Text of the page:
COOKING THE SWEET POTATOES It took about 1-1/2 pounds of sweet potatoes to yield 2 cups of mashed cooked sweet potato. Any of the cooking methods listed with the sweet potato recipes would work but I cooked peeled sweet potato chunks in well-salted water on the stove until soft. I really liked that the seasoning in the final product but have been told by a good friend/trusted cook that she finds my recipes salty.
SWEET POTATO COLOR I cooked the sweet potatoes a day ahead of time. Busy in the kitchen with other things, I left the cooked/drained sweet potatoes on the counter for maybe 30 minutes and was completely surprised that the outer edges turned brown. It didn't hurt their taste but I think the color would have been even more golden if I'd mashed the sweet potatoes right away.
STONE-GROUND CORNMEAL "BUMPS" The four-year old twins were less impressed by the "bumps" of the coarser stone-ground cornmeal. For kids at the table, next time I'll split the batters in two, baked in the same skillet, half with stone-ground cornmeal and half the grocery-store style yellow cornmeal.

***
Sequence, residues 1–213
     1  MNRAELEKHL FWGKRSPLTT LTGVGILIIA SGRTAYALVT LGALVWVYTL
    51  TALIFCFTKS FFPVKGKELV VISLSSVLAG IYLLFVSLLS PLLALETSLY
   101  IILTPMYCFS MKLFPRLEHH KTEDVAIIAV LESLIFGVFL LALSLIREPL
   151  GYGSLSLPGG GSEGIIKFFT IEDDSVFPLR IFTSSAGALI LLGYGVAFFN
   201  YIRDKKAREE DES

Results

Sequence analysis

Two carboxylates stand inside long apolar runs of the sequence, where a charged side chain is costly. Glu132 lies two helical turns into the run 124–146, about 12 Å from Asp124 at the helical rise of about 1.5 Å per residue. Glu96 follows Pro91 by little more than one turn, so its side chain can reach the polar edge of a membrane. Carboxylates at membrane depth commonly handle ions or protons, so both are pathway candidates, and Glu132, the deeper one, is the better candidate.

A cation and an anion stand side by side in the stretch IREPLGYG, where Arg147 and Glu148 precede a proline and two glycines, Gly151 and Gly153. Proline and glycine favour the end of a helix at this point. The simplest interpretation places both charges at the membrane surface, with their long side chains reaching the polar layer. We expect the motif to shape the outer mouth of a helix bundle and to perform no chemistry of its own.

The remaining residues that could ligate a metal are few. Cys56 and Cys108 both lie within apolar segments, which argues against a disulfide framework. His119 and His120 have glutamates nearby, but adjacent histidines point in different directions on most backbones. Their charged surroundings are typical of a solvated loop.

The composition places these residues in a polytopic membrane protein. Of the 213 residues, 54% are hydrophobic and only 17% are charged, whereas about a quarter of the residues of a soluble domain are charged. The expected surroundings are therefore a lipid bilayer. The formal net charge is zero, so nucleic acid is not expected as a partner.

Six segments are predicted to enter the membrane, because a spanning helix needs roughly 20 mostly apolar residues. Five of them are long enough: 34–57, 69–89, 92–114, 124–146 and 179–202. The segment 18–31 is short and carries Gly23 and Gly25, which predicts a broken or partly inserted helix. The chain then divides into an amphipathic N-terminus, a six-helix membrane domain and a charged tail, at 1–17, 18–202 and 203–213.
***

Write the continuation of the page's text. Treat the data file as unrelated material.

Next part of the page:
CAST-IRON SKILLET I love the chewy crust that a cast-iron skillet gives to cornbread, especially when it's preheated while you're mixing the cornbread batter. But Southern Living suggests a 9x9 square pan. An 8x8 pan may work too but would make for one very full pan. The batter doesn't "puff up" much though, it comes out about the same height as it goes into the pan.
WEDGES vs SQUARES For years, I've cut cornbread cooked in a round cast-iron skillet into wedges, it just seemed like the "right" thing to do. This time, though, because the cornbread was quite rich, I cut the cornbread into squares right in the skillet. This made for 10 generous squares plus a few small corner pieces perfect for snacking. Love it!
MAKE-AHEAD To make ahead by a few hours, mix the wet ingredients and separately mix the dry ingredients but don't combine them, refrigerate the wet ingredients. Just before baking, heat the oven and the skillet, combine the wet and dry ingredients and bake.